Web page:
Guisela Latorre’s Democracy on the Wall: Street Art of the Post-Dictatorship Era in Chile documents and critically deconstructs the explosion of street art that emerged in Chile after the dictatorship of Augusto Pinochet, providing the first broad analysis of the visual vocabulary of Chile’s murals and graffiti while addressing the historical, social, and political context for this public art in Chile post-1990.
Exploring the resurgence and impact of the muralist brigades, women graffiti artists, the phenomenon of “open-sky museums,” and the transnational impact on the development of Chilean street art, Latorre argues that mural and graffiti artists are enacting a “visual democracy,” a form of artistic praxis that seeks to create alternative images to those produced by institutions of power. Keenly aware of Latin America’s colonial legacy and deeply flawed democratic processes, and distrustful of hegemonic discourses promoted by government and corporate media, the artists in Democracy on the Wall utilize graffiti and muralism as an alternative means of public communication, one that does not serve capitalist or nationalist interests. Latorre posits that through these urban interventions that combine creativity with social action, Chilean street artists formulate visions of what a true democracy looks like.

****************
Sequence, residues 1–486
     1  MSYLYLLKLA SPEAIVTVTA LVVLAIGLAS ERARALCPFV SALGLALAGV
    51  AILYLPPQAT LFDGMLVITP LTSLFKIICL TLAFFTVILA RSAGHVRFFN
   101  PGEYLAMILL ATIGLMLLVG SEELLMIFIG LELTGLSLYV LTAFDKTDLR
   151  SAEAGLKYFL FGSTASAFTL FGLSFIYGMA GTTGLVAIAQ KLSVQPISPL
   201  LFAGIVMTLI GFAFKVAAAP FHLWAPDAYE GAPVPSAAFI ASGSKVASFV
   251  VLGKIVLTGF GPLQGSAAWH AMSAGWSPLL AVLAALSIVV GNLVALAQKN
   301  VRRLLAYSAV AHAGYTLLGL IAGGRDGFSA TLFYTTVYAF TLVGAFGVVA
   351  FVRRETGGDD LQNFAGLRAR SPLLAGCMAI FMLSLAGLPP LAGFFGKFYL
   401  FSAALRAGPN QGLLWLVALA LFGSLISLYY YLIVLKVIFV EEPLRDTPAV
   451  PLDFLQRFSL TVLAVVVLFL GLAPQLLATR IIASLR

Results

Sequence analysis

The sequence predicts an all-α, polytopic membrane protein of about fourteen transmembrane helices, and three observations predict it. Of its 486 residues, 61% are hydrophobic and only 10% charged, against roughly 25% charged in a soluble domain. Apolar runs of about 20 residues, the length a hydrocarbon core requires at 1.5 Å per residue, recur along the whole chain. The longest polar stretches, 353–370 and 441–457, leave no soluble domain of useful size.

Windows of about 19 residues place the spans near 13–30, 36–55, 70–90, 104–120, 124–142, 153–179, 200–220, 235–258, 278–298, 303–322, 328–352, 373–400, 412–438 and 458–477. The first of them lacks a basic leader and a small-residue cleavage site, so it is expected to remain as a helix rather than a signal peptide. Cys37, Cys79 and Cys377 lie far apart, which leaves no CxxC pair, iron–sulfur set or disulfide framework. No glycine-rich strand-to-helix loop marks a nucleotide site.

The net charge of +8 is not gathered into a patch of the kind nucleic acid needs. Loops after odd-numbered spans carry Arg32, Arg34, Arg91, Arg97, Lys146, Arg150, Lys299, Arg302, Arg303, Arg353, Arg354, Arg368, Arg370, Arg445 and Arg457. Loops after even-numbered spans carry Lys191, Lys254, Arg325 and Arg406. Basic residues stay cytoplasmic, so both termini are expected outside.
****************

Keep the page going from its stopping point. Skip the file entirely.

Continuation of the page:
About the Author
Guisela Latorre is Associate Professor at The Ohio State University and the author of Walls of Empowerment: Chicana/o Indigenist Murals of California.
“A cutting-edge piece of art history, hybridized with cultural studies, and shaped by U.S. people of color studies, attentive in a serious way to the historical and cultural context in which muralism and graffiti art arise and make sense in Chile.” —Laura E. Peréz
“A detailed, incisive, intelligent, and well-argued exploration of visual politics in Chile that explores the way muralists, grafiteros, and other urban artists have inserted their aesthetics into the urban landscape. Not only is Latorre a savvy, patient sleuth but her dialogues with artists and audiences offer the reader precious historical context.” —Ilan Stavans